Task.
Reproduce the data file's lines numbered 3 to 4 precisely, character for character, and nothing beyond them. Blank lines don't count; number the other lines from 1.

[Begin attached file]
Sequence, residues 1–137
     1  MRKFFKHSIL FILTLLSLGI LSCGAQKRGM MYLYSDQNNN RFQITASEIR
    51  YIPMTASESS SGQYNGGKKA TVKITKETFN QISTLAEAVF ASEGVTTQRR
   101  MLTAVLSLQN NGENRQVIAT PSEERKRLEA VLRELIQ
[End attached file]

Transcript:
    51  YIPMTASESS SGQYNGGKKA TVKITKETFN QISTLAEAVF ASEGVTTQRR
   101  MLTAVLSLQN NGENRQVIAT PSEERKRLEA VLRELIQ